|Stefan Wolpe was born in Berlin on August
25, 1902. He attended the Klindworth-Scharwenka Conservatory from the
age of fourteen, and the Berlin Hochschule für Musik in 1920–21.
He studied composition under Franz Schreker, and was also a pupil of
Ferruccio Busoni. He also studied at the Bauhaus circa 1923, and met some
of the dadaists, setting Kurt Schwitters's poem An Anna Blume
In 1928, Wolpe's first opera, Zeus und Elida, premiered in Berlin. This soon was followed by two more operas in 1929, Schöne Geschichten and Anna Blume. In 1927, he married the artist Ola Okuniewska from Czechoslovakia. Their daughter, Katharina Wolpe was born in 1931, but the couple had separated. His wife escaped to London in 1938, but his daughter was a de facto orphan in Berne during the war.
The music Wolpe was writing between 1929 and 1933 was dissonant, using Arnold Schoenberg's twelve-tone technique. However, possibly influenced by Paul Hindemith's concept of Gebrauchsmusik (music that serves a social function), and as an avid socialist, he wrote a number of pieces for workers' unions and communist theater groups. For these, he made his style more accessible, incorporating elements of jazz and popular music.
When the Nazis came to power in Germany, Wolpe, a Jew and a communist,
fled the country, passing through Romania and Russia en route to Austria
in 1933–34, where he met and studied with Anton Webern. He had left Germany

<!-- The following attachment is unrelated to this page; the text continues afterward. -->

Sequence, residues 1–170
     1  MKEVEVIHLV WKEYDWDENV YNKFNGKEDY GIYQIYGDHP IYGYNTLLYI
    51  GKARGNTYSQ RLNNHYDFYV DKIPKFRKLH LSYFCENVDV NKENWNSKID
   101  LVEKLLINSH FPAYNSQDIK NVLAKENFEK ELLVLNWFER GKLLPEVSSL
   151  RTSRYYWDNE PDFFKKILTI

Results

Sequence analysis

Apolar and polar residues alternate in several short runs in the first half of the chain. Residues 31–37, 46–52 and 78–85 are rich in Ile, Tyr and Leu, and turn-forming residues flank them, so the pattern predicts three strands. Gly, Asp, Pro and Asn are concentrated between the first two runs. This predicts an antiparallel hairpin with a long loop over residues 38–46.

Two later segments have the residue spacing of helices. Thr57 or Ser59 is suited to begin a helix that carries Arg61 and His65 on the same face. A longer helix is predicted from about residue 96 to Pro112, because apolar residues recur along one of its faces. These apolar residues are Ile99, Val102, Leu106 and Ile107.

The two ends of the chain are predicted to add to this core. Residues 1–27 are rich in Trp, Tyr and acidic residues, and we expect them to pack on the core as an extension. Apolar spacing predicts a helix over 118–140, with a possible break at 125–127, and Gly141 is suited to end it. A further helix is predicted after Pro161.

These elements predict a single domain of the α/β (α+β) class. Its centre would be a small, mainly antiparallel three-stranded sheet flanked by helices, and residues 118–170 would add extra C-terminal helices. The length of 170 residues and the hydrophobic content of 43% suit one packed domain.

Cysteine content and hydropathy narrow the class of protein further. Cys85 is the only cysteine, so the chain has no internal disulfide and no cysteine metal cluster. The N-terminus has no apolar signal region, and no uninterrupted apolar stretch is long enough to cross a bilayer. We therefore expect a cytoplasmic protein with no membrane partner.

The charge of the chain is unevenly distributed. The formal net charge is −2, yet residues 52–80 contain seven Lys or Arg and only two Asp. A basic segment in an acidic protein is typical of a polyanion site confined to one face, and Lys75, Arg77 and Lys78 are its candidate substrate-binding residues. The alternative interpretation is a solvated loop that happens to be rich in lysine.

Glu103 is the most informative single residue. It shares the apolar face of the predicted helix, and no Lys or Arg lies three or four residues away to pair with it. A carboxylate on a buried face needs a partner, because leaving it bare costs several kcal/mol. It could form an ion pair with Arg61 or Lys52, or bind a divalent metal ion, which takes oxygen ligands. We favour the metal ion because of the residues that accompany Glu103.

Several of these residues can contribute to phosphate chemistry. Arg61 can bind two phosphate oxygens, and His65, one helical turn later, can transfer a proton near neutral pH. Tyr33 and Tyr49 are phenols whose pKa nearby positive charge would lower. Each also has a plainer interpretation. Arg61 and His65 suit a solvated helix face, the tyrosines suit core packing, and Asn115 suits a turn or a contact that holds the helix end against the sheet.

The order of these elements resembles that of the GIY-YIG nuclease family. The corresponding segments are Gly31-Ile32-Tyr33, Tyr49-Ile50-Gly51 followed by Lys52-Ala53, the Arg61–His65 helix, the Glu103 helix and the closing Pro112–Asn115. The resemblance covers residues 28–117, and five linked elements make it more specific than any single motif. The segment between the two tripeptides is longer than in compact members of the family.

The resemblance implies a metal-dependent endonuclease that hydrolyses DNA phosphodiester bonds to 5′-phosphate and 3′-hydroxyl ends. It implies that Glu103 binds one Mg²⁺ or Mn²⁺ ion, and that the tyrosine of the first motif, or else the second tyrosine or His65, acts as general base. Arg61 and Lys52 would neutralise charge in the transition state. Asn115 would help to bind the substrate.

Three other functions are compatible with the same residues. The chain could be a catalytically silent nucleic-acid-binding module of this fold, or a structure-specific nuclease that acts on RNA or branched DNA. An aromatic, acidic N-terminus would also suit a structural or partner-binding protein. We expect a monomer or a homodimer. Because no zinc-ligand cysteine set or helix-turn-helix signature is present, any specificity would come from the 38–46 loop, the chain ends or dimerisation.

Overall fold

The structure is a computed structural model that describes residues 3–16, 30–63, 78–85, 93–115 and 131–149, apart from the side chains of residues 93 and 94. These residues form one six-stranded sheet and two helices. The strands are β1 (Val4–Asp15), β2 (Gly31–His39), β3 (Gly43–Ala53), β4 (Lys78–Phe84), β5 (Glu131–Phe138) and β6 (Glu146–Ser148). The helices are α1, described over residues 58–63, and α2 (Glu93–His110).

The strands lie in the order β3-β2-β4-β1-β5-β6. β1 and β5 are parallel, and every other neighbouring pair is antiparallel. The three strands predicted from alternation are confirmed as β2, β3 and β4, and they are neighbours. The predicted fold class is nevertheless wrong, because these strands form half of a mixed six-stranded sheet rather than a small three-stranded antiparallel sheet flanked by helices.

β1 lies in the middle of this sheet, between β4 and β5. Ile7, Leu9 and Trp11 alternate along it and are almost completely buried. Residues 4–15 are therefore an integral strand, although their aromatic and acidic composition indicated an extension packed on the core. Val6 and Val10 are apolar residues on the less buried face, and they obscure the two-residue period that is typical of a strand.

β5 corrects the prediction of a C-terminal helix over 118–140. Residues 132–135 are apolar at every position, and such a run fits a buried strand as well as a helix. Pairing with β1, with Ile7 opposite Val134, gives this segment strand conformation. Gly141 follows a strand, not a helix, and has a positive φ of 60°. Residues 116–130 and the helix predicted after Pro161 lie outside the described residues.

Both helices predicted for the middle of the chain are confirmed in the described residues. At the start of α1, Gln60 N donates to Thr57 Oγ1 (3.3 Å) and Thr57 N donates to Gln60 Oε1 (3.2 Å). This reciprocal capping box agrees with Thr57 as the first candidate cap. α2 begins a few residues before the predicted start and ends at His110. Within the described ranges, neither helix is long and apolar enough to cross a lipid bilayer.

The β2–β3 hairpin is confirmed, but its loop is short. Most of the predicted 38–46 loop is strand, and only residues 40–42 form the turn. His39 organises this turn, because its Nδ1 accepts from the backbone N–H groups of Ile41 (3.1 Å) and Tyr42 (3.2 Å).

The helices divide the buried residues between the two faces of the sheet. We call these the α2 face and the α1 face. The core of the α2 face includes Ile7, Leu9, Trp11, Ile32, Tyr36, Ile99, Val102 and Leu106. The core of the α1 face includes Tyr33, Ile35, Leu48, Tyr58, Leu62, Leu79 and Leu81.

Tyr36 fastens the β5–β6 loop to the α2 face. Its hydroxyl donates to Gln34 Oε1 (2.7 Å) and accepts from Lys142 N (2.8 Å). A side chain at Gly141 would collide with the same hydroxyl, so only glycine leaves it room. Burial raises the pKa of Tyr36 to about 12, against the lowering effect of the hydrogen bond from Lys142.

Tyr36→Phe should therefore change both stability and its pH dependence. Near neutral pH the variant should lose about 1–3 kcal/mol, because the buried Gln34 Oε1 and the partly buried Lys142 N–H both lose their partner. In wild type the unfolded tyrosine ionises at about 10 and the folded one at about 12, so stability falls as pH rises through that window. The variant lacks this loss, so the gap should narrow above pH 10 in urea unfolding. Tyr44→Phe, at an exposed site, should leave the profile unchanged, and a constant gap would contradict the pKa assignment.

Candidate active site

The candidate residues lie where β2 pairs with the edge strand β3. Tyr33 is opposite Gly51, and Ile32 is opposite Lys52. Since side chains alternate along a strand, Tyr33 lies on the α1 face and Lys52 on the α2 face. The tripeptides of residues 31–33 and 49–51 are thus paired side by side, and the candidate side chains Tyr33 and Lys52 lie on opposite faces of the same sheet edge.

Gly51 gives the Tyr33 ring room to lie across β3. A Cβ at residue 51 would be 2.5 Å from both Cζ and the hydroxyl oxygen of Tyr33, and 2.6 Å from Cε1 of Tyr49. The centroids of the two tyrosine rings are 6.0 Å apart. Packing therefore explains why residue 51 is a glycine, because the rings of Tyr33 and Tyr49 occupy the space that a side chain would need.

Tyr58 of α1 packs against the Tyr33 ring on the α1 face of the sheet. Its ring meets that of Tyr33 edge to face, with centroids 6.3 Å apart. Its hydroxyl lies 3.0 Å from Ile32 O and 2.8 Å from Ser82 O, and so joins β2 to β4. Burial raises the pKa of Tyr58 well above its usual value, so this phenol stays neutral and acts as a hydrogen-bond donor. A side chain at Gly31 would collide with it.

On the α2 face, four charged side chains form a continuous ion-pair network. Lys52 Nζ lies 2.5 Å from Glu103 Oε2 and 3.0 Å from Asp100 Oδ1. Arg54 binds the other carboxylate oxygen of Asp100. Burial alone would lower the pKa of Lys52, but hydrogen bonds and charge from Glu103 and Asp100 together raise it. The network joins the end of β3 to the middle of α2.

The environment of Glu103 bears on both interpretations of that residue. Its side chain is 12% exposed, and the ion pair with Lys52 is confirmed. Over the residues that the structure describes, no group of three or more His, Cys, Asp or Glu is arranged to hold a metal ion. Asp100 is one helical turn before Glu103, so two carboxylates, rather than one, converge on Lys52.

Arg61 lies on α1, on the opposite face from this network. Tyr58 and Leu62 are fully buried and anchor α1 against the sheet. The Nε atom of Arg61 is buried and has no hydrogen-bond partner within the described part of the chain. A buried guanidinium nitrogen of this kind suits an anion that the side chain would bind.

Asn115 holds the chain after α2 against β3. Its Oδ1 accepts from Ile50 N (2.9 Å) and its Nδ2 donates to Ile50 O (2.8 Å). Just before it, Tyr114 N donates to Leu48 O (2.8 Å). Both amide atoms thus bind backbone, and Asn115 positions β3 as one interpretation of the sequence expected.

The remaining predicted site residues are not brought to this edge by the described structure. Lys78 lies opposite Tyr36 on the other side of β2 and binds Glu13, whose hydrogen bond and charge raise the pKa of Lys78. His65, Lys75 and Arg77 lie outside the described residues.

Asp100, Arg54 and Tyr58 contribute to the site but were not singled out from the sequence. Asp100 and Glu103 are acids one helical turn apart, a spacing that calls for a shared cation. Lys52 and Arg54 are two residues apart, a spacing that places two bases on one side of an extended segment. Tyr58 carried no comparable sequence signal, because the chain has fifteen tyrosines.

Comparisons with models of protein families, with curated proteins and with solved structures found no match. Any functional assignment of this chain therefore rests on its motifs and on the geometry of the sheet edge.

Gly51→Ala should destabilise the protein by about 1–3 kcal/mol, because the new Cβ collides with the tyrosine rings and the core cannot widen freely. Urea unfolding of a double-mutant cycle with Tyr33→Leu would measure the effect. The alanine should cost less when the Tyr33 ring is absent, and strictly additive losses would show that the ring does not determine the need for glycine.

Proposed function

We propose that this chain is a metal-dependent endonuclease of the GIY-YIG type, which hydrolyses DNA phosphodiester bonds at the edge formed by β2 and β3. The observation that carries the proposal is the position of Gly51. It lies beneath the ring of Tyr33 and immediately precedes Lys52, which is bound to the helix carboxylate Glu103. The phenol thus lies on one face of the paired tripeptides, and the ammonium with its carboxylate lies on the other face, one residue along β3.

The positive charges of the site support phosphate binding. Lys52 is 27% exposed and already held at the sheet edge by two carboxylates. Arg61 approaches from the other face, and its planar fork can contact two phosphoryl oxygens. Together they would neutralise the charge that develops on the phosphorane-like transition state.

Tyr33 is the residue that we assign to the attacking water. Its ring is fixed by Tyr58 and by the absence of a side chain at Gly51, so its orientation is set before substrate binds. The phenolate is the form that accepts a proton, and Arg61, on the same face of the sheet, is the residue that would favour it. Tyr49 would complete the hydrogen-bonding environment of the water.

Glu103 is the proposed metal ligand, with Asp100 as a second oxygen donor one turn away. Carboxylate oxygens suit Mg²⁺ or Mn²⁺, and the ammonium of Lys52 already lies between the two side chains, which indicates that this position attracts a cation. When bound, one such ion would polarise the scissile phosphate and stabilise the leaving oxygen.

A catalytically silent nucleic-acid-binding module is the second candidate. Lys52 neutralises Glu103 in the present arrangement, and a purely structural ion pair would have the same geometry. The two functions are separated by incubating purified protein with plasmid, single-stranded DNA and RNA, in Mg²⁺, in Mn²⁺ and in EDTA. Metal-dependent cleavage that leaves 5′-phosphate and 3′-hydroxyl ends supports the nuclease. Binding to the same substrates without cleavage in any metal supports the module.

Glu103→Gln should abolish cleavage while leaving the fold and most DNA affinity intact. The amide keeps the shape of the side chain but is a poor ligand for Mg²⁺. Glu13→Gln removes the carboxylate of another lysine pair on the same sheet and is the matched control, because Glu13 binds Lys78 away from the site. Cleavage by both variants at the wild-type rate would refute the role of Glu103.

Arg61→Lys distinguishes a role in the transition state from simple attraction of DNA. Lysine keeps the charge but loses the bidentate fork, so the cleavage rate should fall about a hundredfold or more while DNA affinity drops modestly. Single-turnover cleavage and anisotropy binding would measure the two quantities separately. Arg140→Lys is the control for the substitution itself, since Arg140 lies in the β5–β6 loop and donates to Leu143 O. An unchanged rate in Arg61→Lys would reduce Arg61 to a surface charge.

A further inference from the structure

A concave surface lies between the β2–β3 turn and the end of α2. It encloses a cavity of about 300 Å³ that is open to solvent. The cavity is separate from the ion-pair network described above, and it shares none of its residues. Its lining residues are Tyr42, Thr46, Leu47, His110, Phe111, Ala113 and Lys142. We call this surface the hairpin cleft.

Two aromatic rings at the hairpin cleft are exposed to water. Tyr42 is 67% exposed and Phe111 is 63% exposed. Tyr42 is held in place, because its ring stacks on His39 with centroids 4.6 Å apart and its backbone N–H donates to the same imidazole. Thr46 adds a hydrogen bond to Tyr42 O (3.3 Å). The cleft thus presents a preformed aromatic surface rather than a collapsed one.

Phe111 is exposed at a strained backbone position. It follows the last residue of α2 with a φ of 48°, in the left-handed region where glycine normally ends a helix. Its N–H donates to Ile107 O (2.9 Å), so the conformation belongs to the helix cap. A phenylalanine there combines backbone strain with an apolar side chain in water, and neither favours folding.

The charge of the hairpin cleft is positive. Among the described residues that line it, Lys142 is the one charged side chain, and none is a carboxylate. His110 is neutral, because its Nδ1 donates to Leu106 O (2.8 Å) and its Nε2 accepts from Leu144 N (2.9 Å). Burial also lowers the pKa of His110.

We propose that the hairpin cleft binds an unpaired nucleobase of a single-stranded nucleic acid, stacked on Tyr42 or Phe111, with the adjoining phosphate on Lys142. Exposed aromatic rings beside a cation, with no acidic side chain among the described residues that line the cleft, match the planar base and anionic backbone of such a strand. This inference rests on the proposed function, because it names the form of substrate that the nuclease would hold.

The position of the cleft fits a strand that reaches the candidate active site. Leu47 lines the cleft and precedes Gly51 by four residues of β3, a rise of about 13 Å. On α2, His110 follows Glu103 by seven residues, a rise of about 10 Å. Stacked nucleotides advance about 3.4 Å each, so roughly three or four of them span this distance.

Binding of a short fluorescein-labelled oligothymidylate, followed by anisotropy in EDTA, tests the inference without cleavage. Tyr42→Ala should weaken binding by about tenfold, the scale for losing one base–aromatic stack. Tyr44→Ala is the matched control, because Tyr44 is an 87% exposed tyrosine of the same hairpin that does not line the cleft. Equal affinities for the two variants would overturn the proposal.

with a Romanian pianist, and he married Irma Schoenberg in Vienna. He
later moved to Palestine in 1934–38, where he wrote simple songs for the
kibbutzim. The music he was writing for concert performance, however,
remained complex and atonal. Partly because of this, his teaching contract
with the Palestine Conservatoire was not renewed for the 1938–39 school
His works from this time sometimes used the twelve-tone technique, were sometimes diatonic, were sometimes based on the Arabic scales (such as maqam saba) he had heard in Palestine, and sometimes employed some other method of tonal organization. Elliott Carter has said of Wolpe's music that, "he does everything wrong and it comes out right."
Wolpe developed Parkinson's disease in 1964, and died in New York City on April 4, 1972.
[At this point, Karlins looked over his notes and related a couple of other items . . .]
© 1992 Bruce Duffie
This conversation was recorded at the home of M. William Karlins, in Northbrook, Illinois, on August 17, 1992. Portions were broadcast on WNIB later that year, and subsequently. This transcription was made in 2020, and posted on this website at that time. My thanks to British soprano Una Barry for her help in preparing this website presentation.
To see a full list (with links) of interviews which have been transcribed and posted on this website, click here.
Award - winning broadcaster Bruce Duffie was with WNIB, Classical 97 in Chicago from 1975 until its final moment as a classical station in February of 2001. His interviews have also appeared in various magazines and journals since 1980, and he now continues his broadcast series on WNUR-FM.You are invited to visit his website for more information about his work, including selected transcripts of other interviews, plus a full list of his guests. He would also like to call your attention to the photos and information about his grandfather, who was a pioneer in the automotive field more than a century ago. You may also send him E-Mail with comments, questions and suggestions.